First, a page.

Our runners-up include several other poems relating to recent events in Iraq or Afghanistan, Somalia and Ethiopia, some of these written from first-hand experience. Another recurrent theme — as in all the poetry competitions I’ve judged over the years — was family life recalled, whether fond or fraught, as well as stories of growing up, coming to terms with personal tragedy, finding one’s place in the world. Here the anonymity of the writers can make the poems feel even more universal when read en masse. It’s something of an emotional rollercoaster too: being suddenly sucked in to so many people’s lives, sharing their grief, heartbreak or regret. Our third prizewinner, Wes Lee, submitted many such poems, several of them potential winners, and I found it quite hard to pick between poems relating to so many different kinds of life experiences, but in the end kept coming round to ‘Recovery Room’. When we delivered our final list of winning poems we discovered that we’d unknowingly picked another poem of hers as a runner-up, which only served to confirm my sense that she really did need to be our third prizewinner; and so we were able to pick another poem we particularly liked to replace her “disqualified” second poem from the numerous others on our shortlists.

Amy Wack

Thanks to Anne-Marie and to our sponsors this evening. Anne-Marie Fyfe has been running the famous Troubadour Coffee House Poetry series for a number of years and should be congratulated. I do feel that as the banking family Medici helped fund the renaissance, and stumped up for Botticelli, today’s well-off should also come up with the coin for the arts. It does them credit.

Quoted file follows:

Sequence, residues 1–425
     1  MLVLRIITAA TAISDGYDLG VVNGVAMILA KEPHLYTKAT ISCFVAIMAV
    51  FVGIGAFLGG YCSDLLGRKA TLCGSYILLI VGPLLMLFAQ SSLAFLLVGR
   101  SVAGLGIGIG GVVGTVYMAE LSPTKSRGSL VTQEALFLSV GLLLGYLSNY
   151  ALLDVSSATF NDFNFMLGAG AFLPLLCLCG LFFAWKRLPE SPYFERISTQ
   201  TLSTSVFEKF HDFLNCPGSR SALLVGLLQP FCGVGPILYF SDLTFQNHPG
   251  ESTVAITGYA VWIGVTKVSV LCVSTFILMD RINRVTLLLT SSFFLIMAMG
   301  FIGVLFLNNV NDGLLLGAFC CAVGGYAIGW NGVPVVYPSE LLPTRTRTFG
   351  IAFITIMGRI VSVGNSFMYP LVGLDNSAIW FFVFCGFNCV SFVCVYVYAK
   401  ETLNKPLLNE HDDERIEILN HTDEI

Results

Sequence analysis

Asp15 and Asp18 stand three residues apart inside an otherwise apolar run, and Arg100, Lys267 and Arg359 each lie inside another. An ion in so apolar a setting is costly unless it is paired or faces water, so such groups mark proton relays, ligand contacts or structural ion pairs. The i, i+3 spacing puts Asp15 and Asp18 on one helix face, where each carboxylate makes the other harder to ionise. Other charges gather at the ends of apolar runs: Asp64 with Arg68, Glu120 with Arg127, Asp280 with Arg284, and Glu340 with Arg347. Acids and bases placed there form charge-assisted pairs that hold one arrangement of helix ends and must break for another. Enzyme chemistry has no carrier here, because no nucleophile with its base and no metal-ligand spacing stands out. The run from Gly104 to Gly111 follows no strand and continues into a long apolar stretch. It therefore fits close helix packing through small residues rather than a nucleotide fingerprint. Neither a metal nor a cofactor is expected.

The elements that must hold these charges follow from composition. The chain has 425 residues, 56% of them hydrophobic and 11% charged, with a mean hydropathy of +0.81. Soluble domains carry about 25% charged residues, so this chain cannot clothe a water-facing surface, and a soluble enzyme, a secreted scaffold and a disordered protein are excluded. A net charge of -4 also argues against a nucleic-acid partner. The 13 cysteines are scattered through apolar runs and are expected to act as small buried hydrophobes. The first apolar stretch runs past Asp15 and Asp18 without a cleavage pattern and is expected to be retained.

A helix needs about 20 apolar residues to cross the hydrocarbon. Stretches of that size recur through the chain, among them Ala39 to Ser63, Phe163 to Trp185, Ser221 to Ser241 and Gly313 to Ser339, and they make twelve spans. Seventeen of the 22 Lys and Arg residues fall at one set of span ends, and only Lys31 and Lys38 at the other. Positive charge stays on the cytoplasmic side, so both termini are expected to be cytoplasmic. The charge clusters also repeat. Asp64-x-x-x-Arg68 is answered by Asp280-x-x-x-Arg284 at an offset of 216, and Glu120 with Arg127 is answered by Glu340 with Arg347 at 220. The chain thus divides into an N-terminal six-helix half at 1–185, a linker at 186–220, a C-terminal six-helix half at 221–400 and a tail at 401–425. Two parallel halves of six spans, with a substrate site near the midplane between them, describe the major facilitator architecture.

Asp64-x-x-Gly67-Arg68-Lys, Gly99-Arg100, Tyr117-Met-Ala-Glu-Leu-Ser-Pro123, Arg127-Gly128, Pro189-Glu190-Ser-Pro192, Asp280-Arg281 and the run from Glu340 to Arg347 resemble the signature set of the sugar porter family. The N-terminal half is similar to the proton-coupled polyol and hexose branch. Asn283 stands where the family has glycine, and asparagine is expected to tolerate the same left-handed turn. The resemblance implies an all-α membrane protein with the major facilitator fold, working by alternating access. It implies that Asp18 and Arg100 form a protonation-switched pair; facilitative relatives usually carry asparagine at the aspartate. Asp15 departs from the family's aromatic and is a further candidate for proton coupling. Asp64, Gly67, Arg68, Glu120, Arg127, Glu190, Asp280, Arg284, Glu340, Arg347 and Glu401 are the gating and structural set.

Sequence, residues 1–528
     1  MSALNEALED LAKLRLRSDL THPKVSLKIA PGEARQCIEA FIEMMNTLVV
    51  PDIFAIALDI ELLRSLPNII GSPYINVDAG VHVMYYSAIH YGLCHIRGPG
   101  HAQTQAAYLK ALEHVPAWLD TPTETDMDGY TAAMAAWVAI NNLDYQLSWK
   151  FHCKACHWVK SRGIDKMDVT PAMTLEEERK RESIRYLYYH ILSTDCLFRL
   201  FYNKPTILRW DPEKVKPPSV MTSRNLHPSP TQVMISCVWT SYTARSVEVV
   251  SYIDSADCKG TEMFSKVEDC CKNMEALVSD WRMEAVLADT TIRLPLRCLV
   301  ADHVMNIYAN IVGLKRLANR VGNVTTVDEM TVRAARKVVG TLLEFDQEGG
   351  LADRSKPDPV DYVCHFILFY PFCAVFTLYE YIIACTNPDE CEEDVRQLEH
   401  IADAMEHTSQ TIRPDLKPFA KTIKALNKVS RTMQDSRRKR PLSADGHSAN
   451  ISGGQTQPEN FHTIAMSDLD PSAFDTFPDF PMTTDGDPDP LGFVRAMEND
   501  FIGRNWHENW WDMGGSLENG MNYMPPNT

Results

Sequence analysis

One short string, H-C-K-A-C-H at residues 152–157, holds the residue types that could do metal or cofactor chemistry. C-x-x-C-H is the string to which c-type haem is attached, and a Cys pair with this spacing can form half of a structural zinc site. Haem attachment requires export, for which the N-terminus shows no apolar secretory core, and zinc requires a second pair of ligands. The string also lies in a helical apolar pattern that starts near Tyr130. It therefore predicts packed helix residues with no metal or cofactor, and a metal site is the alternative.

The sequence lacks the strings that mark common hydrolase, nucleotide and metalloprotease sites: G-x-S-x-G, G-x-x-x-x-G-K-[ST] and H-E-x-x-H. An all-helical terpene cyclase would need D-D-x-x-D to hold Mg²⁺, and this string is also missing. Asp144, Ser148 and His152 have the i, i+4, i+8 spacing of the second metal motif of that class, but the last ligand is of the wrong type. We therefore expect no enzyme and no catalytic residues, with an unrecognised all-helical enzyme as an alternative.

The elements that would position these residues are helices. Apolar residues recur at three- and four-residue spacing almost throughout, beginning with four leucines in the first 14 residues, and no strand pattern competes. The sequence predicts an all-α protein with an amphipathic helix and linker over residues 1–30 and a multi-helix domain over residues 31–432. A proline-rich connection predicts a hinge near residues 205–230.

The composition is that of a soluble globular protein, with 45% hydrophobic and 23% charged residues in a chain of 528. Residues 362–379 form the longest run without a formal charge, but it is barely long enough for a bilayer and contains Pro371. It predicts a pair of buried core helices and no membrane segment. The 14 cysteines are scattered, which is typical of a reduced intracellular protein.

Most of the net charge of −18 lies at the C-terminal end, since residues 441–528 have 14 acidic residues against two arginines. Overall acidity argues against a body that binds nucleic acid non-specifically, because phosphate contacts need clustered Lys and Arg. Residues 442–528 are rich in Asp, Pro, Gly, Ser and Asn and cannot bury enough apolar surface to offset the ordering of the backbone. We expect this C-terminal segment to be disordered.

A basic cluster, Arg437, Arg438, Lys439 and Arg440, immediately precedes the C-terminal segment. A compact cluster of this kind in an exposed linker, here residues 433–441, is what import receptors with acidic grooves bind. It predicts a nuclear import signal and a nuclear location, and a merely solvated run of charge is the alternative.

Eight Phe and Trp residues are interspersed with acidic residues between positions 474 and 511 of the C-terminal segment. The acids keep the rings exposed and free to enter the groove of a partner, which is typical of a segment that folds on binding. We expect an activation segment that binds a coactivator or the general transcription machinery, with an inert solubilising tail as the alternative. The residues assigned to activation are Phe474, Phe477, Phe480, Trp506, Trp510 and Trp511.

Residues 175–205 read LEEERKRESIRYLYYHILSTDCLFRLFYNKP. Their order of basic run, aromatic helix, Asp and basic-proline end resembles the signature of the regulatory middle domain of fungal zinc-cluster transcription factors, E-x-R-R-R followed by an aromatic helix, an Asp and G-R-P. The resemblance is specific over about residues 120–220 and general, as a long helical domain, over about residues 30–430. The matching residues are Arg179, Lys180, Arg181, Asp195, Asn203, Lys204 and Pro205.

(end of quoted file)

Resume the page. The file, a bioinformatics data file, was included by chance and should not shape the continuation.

I also thank all the poets here today and not just the ones on the winner’s long or shortlist. Poetry is something of a sacred mission for me and so I did approach the task of reading close to 4000 poems with seriousness. People write poems often about the most important junctures of their lives: loss, love, illness, death. As in the great Yeats’ poem, I knew that I was treading on peoples’ dreams so I tried to tread gently.

The salutary lesson of the 19th century also keeps me humble. A number of my favourite poets were unknown or privately self-published: Emily Dickinson, G.M. Hopkins and Walt Whitman. We might just not know for another hundred or even two hundred years if we’ve overlooked some outlier hermit or underestimated some upstart crow.

Of course I was honored to be asked to judge this prestigious competition, particularly as my co-judge was to be the great Bhudda of Bloodaxe, Neil Astley. Everyone in the poetry universe knows Bloodaxe, for the depth and breadth and passion of their list. We all owe Neil a debt for his tireless work in the poetry mines. He’s done much to keep this art in the public mind.

I did note a demographic in the poems: baby boomers, those born after the War and before 1960, many poems were about mid-life issues: aging, illness, the death of parents. There weren’t as many love poems or poems about birth or raising children as one might have expected. I think there was only one poem about sport, and that was golf!